Missing Stanford and His Destructive Path
Allen Stanford is missing.
The Texas-born banker, formerly No. 205 in Forbes's list of 400 Richest Americans, managed to scam hundreds of investors while keeping a very high profile. The resident of St. Croix and holder of dual US-Antigua citizenships supported cricket, golf and tennis tournaments and even managed to get knighted by the government of Antigua while reportedly being investigated for fifteen years by American authorities. In spite of those investigations, it wasn't until yesterday that a US District judge signed a temporary restraining order in Dallas federal court freezing the Stanford companies’ assets and property.
Stanford said on his company’s Web site that his firm was started more than 70 years ago by his grandfather. U.S. court records show that his offshore bank was formed in 1985 on the Caribbean island of Montserrat and moved to Antigua in 1990.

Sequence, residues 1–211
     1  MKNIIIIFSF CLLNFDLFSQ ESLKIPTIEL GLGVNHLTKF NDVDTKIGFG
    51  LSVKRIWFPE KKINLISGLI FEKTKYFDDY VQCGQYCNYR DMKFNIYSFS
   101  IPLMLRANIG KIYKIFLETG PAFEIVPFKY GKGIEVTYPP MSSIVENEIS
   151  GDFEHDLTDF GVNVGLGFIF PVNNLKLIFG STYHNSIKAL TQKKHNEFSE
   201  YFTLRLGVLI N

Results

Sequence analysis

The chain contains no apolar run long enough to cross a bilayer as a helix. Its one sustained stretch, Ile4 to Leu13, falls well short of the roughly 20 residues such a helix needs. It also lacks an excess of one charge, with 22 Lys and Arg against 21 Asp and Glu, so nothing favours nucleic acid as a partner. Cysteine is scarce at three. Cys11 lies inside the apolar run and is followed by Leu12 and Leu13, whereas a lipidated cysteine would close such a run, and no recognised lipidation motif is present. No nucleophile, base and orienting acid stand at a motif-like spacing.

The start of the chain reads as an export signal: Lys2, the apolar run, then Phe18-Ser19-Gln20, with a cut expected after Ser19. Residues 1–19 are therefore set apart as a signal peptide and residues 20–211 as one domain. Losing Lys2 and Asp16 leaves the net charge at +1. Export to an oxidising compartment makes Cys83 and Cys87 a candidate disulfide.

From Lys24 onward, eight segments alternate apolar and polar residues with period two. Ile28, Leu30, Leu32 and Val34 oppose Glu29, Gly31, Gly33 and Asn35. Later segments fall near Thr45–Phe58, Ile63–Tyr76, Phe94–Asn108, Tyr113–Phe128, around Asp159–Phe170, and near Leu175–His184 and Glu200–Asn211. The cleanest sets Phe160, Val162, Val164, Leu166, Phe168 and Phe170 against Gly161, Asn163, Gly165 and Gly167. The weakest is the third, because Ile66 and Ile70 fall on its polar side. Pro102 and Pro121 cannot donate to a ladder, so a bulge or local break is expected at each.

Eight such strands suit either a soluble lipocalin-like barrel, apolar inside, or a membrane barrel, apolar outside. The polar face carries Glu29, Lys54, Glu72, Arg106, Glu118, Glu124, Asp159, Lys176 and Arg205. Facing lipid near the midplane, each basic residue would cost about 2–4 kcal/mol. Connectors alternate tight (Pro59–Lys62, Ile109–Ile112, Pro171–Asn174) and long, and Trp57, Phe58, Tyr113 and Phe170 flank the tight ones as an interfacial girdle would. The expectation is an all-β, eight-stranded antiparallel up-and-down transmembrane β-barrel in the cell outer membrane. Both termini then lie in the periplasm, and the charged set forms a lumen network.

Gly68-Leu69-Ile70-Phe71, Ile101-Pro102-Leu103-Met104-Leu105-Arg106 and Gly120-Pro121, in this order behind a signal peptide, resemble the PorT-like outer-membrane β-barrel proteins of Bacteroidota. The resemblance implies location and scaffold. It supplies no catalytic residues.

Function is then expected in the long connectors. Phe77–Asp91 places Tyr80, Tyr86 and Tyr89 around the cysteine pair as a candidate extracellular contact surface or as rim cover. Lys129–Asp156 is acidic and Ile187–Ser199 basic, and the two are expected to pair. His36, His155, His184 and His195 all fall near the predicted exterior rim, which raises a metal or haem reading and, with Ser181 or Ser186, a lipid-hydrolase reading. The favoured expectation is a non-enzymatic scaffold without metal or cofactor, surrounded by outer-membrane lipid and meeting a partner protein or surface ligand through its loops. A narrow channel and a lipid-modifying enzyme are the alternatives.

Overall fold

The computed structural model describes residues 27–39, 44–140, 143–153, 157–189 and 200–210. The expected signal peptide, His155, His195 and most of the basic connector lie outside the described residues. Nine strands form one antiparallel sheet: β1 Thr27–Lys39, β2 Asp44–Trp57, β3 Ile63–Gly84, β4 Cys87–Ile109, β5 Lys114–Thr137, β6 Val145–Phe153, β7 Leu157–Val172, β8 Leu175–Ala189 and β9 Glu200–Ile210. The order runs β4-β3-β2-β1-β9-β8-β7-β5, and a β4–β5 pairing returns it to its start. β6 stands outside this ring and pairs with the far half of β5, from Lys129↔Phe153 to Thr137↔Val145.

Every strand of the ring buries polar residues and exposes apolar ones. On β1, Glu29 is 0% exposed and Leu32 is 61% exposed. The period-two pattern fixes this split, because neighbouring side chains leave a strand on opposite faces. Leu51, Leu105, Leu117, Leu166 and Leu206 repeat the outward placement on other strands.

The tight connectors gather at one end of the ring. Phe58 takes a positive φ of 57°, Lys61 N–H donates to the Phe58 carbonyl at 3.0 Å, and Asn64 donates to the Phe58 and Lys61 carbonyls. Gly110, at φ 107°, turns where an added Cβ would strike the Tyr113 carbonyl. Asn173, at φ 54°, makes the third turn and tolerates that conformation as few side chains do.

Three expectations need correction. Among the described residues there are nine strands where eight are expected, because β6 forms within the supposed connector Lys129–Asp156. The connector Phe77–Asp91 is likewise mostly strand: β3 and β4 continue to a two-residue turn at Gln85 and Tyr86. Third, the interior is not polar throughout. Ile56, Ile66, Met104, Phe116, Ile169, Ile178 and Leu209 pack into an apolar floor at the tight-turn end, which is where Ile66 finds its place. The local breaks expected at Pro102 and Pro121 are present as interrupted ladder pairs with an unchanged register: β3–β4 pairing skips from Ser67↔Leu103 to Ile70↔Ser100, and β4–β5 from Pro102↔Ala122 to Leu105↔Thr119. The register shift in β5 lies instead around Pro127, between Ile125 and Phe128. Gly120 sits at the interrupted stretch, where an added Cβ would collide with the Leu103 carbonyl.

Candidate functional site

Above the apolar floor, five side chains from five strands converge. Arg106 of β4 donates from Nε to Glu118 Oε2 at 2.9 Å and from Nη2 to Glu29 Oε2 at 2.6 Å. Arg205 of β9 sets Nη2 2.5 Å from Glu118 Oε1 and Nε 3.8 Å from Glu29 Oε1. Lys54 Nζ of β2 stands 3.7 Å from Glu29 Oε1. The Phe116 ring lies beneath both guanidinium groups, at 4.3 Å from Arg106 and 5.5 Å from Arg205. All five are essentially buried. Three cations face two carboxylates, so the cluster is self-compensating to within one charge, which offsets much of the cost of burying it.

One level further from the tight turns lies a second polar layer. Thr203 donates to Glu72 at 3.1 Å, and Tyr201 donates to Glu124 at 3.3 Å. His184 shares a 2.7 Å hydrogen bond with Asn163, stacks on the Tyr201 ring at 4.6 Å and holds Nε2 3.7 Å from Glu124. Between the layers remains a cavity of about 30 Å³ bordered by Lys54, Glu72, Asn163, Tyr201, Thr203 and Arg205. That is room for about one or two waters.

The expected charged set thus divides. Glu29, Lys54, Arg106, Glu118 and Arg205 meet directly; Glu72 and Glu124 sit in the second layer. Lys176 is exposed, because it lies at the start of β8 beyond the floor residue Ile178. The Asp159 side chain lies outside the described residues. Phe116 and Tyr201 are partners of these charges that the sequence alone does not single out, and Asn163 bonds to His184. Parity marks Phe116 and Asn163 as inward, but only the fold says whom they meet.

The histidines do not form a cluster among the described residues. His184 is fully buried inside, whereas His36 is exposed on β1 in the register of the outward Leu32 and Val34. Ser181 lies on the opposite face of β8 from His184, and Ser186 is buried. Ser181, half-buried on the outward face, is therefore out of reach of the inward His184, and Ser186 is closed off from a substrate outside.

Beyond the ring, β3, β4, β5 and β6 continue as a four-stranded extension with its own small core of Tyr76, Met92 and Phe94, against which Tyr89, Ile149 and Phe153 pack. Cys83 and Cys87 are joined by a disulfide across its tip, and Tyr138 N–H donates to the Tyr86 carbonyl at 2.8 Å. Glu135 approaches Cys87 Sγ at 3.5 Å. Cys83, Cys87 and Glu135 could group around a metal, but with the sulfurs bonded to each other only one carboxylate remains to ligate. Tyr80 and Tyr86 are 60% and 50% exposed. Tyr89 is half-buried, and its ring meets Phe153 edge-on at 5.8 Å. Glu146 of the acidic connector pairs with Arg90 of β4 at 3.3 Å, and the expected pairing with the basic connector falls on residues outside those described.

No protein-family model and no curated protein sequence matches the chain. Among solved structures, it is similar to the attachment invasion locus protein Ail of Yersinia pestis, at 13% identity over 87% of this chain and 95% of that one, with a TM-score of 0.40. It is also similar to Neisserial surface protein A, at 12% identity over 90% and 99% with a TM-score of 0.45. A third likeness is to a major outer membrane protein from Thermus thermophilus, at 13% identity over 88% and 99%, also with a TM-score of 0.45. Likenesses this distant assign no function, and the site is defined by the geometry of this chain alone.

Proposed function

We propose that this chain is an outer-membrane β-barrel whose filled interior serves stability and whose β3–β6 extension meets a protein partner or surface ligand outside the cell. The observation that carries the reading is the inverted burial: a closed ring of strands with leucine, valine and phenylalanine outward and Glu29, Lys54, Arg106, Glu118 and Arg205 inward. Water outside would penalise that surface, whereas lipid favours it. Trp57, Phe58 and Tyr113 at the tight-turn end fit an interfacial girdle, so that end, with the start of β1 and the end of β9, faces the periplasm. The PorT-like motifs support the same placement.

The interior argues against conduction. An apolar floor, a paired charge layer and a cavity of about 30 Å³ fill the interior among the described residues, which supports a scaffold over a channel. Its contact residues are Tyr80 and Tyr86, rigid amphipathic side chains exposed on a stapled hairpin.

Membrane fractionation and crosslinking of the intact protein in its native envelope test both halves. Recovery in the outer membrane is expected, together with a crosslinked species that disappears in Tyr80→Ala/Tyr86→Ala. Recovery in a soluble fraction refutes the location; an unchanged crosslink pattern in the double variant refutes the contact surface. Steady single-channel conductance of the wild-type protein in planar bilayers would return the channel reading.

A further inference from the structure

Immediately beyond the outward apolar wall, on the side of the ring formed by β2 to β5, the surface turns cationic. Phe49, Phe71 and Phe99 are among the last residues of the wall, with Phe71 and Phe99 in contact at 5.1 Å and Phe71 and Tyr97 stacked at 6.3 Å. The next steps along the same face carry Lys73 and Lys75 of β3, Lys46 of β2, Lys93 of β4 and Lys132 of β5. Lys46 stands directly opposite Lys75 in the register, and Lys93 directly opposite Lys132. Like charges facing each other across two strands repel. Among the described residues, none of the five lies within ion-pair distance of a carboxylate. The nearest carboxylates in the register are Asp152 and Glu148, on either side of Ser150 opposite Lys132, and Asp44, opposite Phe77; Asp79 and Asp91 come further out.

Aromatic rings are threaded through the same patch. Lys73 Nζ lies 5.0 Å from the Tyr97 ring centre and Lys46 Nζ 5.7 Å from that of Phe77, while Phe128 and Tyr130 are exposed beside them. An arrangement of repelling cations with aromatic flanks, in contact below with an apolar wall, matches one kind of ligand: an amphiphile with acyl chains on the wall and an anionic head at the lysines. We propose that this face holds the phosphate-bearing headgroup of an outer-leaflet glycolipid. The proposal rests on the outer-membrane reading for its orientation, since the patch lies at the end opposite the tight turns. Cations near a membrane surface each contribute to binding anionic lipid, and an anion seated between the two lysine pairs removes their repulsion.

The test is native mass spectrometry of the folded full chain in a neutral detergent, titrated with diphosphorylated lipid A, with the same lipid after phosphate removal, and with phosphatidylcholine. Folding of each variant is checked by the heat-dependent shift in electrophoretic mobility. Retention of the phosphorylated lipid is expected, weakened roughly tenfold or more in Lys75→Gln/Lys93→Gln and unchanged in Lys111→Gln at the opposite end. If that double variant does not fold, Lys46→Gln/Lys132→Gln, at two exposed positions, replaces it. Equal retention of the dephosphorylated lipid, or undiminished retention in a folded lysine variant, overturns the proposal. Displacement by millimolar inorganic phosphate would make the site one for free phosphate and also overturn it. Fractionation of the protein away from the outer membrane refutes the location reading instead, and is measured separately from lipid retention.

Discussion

In 1999, Stanford Financial tried to take over Antiguan International Business Corp., which regulated offshore companies on the island, said Jonathan Winer, then a deputy U.S. assistant secretary of state.
State Department cables sent from the U.S. Embassy and provided to Bloomberg described a “power grab” and criticized the Stanford’s company’s hiring of U.S. consultants to revise Antigua’s offshore-banking rules.